911 Communications Center

Communications Center

The Oxnard Emergency Communications Center answers 9-1-1 and non-emergency calls for Oxnard around-the-clock. Emergency communications personnel dispatch police, fire, emergency medical services, animal control and code compliance calls.

When a telephone call is received by the Center either via 9-1-1 or on a non-emergency line, the dispatcher enters the information into the Computer Aided Dispatch system. The information is then prioritized for dispatch.


9-1-1 from a fixed wire phone (such as in most residences and businesses) provides Communications Center personnel with address and telephone information. This information is crucial in providing emergency services to callers.

The dispatcher records that information immediately in case the caller hangs up before the necessary information has been gathered. If that happens, the dispatcher can call the person back.

Wireless or cellular phones will either go to the California Highway Patrol or to Oxnard's Communications Center, depending upon your location in Oxnard. Since location information is not accurate in these calls, it is imperative that you know your location to give to the dispatcher.

It is important that callers only use 9-1-1 for immediate public safety assistance. Non-emergency requests are handled by calling 385-7740.

Emergency Medical Dispatch

While dispatchers are not trained to answer medical questions, the Emergency Medical Dispatch program allows dispatchers to provide callers with life saving instructions on various types of medical emergencies to supplement responding emergency assistance.

When should you call 9-1-1?

Calls to 9-1-1 should be reserved for emergencies such as a serious medical emergency, any type of fire, any crime in-progress or any other life threatening situations.

In order to correctly assess the situation for a prioritized response, you will be asked certain questions which are vital to the safety of the caller and the responding officer(s).

When you call 9-1-1, the dispatcher is automatically provided with the phone number and the location that you are calling from. You will be asked to verify this information, since quite often people call 9-1-1 from locations other than where the incident is occurring. If you call 9-1-1 from a cell phone it is very important that you provide the phone number and location to the dispatcher.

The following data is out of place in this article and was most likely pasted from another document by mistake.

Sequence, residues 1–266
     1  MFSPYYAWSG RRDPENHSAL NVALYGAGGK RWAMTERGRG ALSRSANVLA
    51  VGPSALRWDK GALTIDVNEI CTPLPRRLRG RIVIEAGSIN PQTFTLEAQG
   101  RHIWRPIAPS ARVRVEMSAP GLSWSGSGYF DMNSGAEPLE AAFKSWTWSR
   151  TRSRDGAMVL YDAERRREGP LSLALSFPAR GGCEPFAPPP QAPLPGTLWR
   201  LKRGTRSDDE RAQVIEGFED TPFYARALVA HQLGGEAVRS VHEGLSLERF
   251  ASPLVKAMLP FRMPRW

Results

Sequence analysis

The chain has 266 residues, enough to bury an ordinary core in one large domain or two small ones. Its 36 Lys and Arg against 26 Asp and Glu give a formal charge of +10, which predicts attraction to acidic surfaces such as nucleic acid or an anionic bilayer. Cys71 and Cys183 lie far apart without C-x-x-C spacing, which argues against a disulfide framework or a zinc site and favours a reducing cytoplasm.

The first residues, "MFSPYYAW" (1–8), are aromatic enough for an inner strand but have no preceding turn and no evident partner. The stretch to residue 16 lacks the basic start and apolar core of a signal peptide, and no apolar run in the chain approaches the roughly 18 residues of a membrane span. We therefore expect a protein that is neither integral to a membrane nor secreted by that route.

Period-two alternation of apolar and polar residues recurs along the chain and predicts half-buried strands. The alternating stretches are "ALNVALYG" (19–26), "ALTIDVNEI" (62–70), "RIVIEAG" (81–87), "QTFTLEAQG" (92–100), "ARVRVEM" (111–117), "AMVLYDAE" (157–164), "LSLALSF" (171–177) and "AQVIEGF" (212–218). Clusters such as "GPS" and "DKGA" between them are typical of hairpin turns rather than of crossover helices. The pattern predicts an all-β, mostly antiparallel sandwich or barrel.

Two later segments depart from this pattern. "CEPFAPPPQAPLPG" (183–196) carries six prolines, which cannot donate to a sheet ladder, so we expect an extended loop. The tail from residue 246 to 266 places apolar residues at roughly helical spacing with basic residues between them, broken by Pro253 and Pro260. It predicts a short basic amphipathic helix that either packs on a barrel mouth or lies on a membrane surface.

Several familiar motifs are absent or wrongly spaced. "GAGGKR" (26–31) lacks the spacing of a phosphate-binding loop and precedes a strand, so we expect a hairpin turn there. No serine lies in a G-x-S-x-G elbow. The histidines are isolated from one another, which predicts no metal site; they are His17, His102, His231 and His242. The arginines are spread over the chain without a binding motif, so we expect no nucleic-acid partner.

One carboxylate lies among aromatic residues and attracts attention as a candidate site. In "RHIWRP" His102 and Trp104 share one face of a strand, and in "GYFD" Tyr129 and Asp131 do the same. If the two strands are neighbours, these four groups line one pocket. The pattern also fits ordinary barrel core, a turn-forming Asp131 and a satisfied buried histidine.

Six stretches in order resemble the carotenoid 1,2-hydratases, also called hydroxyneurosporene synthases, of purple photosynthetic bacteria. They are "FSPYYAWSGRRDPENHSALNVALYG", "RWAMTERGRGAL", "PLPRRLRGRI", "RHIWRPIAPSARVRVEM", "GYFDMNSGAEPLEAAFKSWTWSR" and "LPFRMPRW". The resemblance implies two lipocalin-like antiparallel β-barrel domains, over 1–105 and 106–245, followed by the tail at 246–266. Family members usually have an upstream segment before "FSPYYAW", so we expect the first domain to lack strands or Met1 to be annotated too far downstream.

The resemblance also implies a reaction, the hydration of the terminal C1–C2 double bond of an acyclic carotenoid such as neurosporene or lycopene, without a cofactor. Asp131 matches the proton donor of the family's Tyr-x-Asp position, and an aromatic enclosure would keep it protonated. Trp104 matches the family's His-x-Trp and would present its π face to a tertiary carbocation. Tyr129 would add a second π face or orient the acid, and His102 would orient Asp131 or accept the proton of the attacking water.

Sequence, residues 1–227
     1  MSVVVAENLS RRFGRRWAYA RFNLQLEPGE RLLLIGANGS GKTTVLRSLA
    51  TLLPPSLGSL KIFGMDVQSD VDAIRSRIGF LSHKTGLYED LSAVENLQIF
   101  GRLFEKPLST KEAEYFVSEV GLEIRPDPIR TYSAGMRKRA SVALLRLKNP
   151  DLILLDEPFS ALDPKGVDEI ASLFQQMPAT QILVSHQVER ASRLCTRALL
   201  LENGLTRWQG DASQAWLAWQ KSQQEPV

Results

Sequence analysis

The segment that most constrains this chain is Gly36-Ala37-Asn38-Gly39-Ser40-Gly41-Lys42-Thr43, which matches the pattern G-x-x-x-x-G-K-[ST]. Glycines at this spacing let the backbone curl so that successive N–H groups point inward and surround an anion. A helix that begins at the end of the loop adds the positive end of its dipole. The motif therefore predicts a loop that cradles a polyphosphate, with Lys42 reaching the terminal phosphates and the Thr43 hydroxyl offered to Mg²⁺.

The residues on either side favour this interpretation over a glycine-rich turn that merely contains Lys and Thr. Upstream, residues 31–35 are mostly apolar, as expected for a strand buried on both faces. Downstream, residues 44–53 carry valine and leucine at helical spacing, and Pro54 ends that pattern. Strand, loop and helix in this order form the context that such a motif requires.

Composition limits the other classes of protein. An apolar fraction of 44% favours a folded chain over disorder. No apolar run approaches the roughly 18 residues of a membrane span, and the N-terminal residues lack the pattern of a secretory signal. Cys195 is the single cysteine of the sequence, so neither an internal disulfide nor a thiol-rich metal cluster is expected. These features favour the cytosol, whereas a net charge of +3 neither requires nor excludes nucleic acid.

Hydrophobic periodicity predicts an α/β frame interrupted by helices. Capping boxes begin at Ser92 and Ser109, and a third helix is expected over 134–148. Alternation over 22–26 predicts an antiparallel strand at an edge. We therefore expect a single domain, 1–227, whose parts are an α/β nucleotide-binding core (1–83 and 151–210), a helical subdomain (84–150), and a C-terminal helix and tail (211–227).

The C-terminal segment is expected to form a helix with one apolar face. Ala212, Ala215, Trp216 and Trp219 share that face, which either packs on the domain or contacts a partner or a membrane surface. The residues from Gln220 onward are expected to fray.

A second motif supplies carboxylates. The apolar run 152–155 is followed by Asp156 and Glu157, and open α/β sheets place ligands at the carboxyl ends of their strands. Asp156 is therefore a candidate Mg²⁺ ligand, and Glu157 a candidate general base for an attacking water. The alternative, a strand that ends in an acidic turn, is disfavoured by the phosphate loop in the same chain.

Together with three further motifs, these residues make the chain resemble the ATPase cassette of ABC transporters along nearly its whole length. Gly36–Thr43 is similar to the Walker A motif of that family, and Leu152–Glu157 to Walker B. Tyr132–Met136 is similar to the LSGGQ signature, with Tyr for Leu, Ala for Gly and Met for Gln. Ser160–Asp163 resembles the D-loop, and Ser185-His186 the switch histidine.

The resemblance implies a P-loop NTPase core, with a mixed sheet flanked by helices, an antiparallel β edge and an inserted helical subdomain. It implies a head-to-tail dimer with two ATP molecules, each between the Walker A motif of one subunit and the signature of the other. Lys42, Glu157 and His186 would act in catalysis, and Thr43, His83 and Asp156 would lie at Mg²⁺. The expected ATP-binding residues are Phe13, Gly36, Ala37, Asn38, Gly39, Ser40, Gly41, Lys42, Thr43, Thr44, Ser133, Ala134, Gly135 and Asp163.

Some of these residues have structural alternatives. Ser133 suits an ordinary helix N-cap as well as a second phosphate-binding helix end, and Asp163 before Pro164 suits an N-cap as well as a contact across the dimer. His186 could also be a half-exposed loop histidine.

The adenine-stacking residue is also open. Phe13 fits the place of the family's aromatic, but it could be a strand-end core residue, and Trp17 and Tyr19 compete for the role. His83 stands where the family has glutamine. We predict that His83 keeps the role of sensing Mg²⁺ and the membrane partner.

The dispatcher will ask what you are reporting. You should give a quick description of what occurred. You will be asked a series of questions which are extremely important to the proper handling of the call. These may include:

  • Is anyone injured?
  • How long ago did the incident occur?
  • Were there weapons involved and if so, what type?
  • Did the suspect flee, and if so, which direction?
  • What was the mode of transportation, a car, a bike or on foot?
  • If a vehicle was involved, what was the description and what was the direction of travel?
  • What was the physical description of the suspect?
  • What was the clothing description?

Although these may seem like an unreasonable number of questions during an emergency, they are very important. For example, if a burglary has just occurred and the suspect flees, the officers have a much better chance of apprehending the suspect if they have a good description of the suspect and the direction that was taken. More importantly, if the incident in question involved a weapon, the life of the officer may depend on the information given.

A common misconception is that dispatchers wait until finishing the call before sending help. During a true emergency, the dispatchers work as a team. One remains on the line with the caller and passes on information to another dispatcher, who dispatches police officers, firefighters or other emergency personnel.

It is very important that you stay on the line during a call to 9-1-1. The dispatcher will continue to ask you questions while emergency responders are on the way.

If you call 9-1-1 by mistake, do not hang up. Stay on the line and explain that you do not actually have an emergency. If a 9-1-1 caller hangs up without stating the problem, the caller must be contacted in order to ensure that no actual emergency exists. This may involve the dispatching of an officer to your home or place of business in order to verify that.

If you need the police, but it is not an emergency, please call our non emergency line at 385-7740. Examples of calls which should be placed to the non emergency line are:

  • Traffic accidents which do not involve injuries
  • Loud music
  • Late reported incidents such as a theft with no suspect information
  • Malfunctioning of traffic signals
  • Requests for information


Administration Services Divisions

Communications Division

» 911 Communications Center
» Training Coordinator

Professional Standards Division

» Internal Affairs Unit
» Specials Services Unit
» Training Unit

Support Services Division

» Technology Services Unit
» Financial Services Unit

Records & Property Division

» Property and Evidence Unit
» Records Unit

Policy Manual

» 2013 OPD Policy Manual